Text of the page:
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How To Stop In Ice Skates

Updated on January 19, 2015
Skating atop the Eiffel Tower.
Skating atop the Eiffel Tower. | Source

If ice skating sounds fun but you find yourself wondering how to stop in ice skates, there are several ways you may want to try learning. When starting to learn these stops, attempt them at slow to moderate speeds and remember to keep your knees slightly bent at all times. The more pressure you apply, the quicker you will stop. Avoid learning these stops within crowds as you could fall or cause others to. I have also included videos of these stops. While the title of this is How To Stop In Ice Skates, please know that these stops are used in skates of all types.

Among the easiest is the T-stop. Imagine creating the letter t with your feet.

  1. Skate forward at slow to moderate speed with both arms held up and out to each side of your body. You should be looking straight ahead with your chin/head up, do not look down at the ice. Do not skate too fast and keep both knees slightly bent.
  2. Slightly lift whichever foot you prefer while going forward on the skating leg.
  3. Place your foot onto the ice behind you, think of creating a t-shape on the ice.
  4. You will feel yourself begin to slow. The more pressure you apply to the rear foot, the more quickly you will stop. Practice makes perfect.
  5. The one foot snowplow will be another option that is best learned after you've mastered the two foot snowplow. The one foot snowplow utilizes the force from just one foot instead of both feet. Both feet can remain in contact with the ice
  6. After mastering this move, you will be able to stop on a dime, averting collisions with other skaters or covering skaters of your choice in ice shavings.

Source

The next stop is the snowplow. This is a fun stop once you've got the hang of it but it can be tricky to learn for many people. Picture yourself standing slightly pigeon toed in your skates to bring yourself to a stop. Now I can tell you how to put it in action.

  1. Skate forward at slow to moderate speed with both arms held up and out to each side of your body. You should be looking straight ahead with your chin/head up, do not look down at the ice. Also, do not skate too fast and keep both knees slightly bent.
  2. Now make the effort to apply pressure to the ice through the ball of each foot, making your legs slightly turn inward. Slightly, not drastically. Your big toes inward at an angle similar to...a snowplow or an upside down letter V.
  3. You will feel yourself slowing down and coming to a stop, keep your arms up for balance. Do not attempt to dig into the ice or apply more than moderate pressure when learning this skill. The ability to stop on a dime comes with practice and should not be attempted immediately.

Source

Another useful and fun stop is the hockey stop. This is likely the one you may have seen people getting covered in ice shavings with. That can be a side effect or at times, the sole reason for doing the hockey stop. It's common for some skaters to favor doing hockey stops with their left or right foot in front. As a right handed person, I prefer right my right side but can also do them with the left foot leading the way. Some people find this stop pretty scary due to the sideways motion while others find it easy, thrilling, or fun. You will know quite fast which camp you're a member of when learning it. By the way, I find it quite fun.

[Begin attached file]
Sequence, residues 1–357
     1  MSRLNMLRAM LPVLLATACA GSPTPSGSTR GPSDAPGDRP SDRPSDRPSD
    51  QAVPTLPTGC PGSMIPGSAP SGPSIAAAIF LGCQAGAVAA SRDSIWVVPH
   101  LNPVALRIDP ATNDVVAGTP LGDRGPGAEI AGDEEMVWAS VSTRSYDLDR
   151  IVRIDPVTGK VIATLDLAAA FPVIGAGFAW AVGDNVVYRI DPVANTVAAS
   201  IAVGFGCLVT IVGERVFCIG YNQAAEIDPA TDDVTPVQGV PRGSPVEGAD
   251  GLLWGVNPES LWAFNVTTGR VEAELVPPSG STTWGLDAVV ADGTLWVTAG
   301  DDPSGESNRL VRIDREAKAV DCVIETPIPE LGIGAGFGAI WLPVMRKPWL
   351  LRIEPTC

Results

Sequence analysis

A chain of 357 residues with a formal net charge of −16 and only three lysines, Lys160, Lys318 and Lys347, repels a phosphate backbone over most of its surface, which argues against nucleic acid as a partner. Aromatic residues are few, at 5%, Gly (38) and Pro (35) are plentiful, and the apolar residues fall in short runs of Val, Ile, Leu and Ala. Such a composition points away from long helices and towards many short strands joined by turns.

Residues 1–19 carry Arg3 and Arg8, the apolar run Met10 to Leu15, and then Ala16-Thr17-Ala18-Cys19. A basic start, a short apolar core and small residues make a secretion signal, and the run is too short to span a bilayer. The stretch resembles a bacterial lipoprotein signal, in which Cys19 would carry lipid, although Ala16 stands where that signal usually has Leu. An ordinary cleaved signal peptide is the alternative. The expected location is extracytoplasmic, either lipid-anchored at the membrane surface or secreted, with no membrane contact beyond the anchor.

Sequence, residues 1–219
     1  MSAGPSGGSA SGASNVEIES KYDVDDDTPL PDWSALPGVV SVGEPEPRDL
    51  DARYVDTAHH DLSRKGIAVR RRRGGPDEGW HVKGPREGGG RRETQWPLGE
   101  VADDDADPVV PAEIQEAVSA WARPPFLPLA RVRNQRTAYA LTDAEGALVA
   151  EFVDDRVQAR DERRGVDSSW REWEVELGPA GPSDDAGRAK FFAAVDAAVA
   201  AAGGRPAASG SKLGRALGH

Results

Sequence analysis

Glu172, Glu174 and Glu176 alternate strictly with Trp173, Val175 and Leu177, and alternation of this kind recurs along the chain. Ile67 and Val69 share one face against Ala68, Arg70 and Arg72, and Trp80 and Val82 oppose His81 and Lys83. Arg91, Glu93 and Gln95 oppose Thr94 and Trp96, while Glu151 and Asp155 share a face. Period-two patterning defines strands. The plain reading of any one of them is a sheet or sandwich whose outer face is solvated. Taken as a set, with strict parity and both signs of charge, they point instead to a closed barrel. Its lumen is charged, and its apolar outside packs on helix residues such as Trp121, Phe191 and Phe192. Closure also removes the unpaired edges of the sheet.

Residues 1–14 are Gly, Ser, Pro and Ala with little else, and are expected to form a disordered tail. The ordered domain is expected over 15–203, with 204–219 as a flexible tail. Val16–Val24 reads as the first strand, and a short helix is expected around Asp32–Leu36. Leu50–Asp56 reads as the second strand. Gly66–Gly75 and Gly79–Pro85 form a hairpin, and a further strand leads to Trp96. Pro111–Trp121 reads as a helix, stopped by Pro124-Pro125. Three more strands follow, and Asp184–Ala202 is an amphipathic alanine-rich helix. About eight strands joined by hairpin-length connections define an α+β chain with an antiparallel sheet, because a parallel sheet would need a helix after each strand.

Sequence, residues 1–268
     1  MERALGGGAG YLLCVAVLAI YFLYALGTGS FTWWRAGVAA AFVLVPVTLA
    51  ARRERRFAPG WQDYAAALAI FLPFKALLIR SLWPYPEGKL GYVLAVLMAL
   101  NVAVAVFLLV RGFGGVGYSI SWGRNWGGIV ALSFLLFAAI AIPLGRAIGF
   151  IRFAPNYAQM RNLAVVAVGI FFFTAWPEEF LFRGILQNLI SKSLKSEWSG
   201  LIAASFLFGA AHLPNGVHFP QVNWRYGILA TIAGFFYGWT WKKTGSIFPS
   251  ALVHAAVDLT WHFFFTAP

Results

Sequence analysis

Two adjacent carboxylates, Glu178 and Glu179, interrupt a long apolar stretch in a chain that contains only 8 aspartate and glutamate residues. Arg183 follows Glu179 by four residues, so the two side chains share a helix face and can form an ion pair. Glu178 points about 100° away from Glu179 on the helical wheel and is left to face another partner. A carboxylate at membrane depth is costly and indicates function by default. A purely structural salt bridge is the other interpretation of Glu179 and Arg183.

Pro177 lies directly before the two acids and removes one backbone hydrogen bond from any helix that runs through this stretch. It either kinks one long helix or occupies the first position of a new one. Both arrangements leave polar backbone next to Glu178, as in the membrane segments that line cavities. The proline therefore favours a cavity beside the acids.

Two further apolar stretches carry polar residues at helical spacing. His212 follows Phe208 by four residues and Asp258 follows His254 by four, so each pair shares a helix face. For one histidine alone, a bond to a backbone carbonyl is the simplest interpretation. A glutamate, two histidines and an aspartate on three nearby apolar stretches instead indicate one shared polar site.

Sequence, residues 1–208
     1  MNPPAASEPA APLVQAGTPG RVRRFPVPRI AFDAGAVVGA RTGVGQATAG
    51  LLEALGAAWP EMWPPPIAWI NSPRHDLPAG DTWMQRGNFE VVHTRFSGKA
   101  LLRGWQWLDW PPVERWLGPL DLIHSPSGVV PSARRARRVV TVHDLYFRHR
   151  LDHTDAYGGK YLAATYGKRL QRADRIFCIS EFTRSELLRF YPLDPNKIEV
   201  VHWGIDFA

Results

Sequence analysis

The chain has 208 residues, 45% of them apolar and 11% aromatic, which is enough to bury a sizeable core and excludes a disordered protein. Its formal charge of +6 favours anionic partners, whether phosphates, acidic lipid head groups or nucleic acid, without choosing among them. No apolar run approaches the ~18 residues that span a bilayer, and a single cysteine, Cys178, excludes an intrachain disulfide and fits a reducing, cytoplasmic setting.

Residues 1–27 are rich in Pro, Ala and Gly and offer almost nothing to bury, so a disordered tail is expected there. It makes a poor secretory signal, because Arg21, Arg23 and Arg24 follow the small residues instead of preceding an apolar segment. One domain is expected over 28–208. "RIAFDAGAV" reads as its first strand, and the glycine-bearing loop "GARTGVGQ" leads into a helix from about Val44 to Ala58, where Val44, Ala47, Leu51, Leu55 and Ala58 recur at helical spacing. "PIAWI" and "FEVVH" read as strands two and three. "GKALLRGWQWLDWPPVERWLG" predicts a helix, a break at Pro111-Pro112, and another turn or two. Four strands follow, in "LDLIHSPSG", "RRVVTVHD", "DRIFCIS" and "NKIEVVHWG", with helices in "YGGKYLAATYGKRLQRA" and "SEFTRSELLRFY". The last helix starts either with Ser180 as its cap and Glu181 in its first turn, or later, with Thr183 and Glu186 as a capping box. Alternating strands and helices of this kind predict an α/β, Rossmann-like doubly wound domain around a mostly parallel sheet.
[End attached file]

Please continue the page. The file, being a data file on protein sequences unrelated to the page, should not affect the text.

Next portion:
1. Skate forward at slow to moderate speed with both arms held up and out to each side of your body. You should be looking straight ahead with your chin/head up, do not look down at the ice. Also, do not skate too fast and keep both knees slightly bent.
  2. Depending on your preference and most likely whether you are right or left handed, decide which foot will be leading the way on your hockey stops.
  3. When ready, you will need to transition from skating in a straight path to gliding sideways across the ice to come to a stop. Apply pressure to the ice by bending your knees using equal pressure through both legs and feet.
  4. You will feel your speed decrease depending upon how much force you are applying to the ice. Do not make the mistake of digging into the ice when learning this move or you'll stumble or take a spill.
  5. The ability to stop on a dime comes with practice and should not be attempted immediately. After mastering this move, you will be able to stop on a dime, averting collisions with other skaters or covering skaters of your choice in ice shavings.

© 2013 Express10

T-stop

Snowplow Stop

Hockey Stop

The Complete Book of Figure Skating
The Complete Book of Figure Skating

Older, but useful, this book will help you learn some skating moves step by step at a great price.

 

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    • Express10 profile imageAUTHOR

      H C Palting 

      3 years ago from East Coast

      I am a competitive skater but not a professional though :)

    • peachpurple profile image

      peachy 

      3 years ago from Home Sweet Home

      you sounds like a professional skater

    • Express10 profile imageAUTHOR

      H C Palting 

      5 years ago from East Coast

      Bumping into others and falling down is to be expected any time you skate. Even the best of the best fall. Thanks so much for reading.

    • Lady_E profile image

      Elena 

      5 years ago from London, UK

      Thanks. This was very useful to read. I have skated only once. (Disco Skating at the O2 Arena) and I bumped into so many people.... some landed on the ice. Hopefully, next time, everyone will be safe because I'll be practicing the tips you shared. :-)

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